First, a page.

Last fall, after the Fed announced its second round of quantitative easing (a.k.a. QE2), Ben Bernanke wrote an editorial in the Washington Post.
Here was an excerpt from that piece, which was published on November 4, 2011 (I have added emphasis):
Easier financial conditions will promote economic growth. For example, lower mortgage rates will make housing more affordable and allow more homeowners to refinance. Lower corporate bond rates will encourage investment. And higher stock prices will boost consumer wealth and help increase confidence, which can also spur spending. Increased spending will lead to higher incomes and profits that, in a virtuous circle, will further support economic expansion.
If you ever needed confirmation that the Fed wanted you to buy stocks and bonds, this was it.
And here's what Random Glenings wrote in early November:
Wednesday, November 3, 2010
..I don't know if there is a precedent for this, but Fed Chairman Bernanke has an editorial in this morning's Washington Post...
In other words, the Fed wants bond and stock prices to move higher, and is willing to throw a cool $900 billion ($600 billion + reinvestment of interest from existing holdings) into the capital markets between now and the end of June 2011 to help this happen.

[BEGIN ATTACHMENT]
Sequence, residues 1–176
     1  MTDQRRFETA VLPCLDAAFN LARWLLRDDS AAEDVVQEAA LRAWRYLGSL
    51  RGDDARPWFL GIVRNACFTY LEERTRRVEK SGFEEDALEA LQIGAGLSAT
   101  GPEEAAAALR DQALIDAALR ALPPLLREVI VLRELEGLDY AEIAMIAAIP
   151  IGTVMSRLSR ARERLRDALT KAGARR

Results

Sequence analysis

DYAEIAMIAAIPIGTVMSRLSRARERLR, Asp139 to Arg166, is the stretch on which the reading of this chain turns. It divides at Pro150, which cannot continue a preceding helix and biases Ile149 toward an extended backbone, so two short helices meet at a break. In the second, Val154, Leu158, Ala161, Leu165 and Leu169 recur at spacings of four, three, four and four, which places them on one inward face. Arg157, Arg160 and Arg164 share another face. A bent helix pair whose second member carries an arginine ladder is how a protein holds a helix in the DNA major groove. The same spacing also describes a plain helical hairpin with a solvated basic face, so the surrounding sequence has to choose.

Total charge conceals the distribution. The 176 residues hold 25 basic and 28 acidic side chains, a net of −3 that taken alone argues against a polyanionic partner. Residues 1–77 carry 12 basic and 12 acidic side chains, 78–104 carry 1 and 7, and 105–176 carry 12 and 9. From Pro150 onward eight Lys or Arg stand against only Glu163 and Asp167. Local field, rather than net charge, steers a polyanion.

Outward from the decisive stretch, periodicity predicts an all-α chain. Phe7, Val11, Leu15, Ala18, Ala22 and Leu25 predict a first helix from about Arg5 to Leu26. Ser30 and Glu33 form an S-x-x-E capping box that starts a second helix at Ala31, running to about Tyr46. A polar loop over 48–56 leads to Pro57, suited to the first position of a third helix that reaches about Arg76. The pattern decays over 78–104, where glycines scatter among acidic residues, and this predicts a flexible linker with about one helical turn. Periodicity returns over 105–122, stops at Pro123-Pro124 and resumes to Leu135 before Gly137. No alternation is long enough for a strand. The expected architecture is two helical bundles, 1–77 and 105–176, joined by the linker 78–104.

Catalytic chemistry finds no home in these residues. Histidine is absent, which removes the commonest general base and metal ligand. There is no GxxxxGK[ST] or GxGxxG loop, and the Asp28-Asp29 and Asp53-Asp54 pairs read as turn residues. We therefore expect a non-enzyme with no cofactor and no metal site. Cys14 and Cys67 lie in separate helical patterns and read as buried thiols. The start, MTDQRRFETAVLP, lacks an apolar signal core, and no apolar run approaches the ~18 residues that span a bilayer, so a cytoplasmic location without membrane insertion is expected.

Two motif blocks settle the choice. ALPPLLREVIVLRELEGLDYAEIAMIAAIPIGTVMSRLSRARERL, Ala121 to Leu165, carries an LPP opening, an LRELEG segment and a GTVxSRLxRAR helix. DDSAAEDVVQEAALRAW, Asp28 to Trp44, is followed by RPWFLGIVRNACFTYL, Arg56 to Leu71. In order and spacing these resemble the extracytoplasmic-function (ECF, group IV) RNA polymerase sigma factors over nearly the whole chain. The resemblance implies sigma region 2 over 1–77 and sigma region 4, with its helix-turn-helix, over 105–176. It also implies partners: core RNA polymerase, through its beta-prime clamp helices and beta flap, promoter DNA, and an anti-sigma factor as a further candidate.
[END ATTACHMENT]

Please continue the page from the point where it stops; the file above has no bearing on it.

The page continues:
Do you really want to bet against the Fed?...
..I'm not sure about the longer run impact of QE2, but for now I think you need to be fully invested in the markets.
Well, the Fed "won". We just finished the best first quarter for the S&P 500 since 1988 (+5.9%). For the last six months, the S&P is +17.3%. And Treasury 10 year bond yields have defied expectations, and at 3.45% its yield is nearly 40 basis points lower than a year ago.
Question is: What happens next?
It is not inconceivable to me that QE3 is possible. Although Corporate America seems in pretty good shape, housing is depressed (to put it mildly), real income growth remains stagnant, and unemployment is still too high.
However, the political reality is that there is no appetite in Washington for more government
intervention in the markets. So we will have to see whether the recent market gains can hold without market support.
There is, however, considerable skepticism among the market pundits that the Fed can go quietly into the woodwork. Bill Gross from Pimco, for example, has been quite vocal in his belief that Treasury yields will need to rise considerably from current levels to induce private investors to purchase bonds.
Should be an interesting second quarter.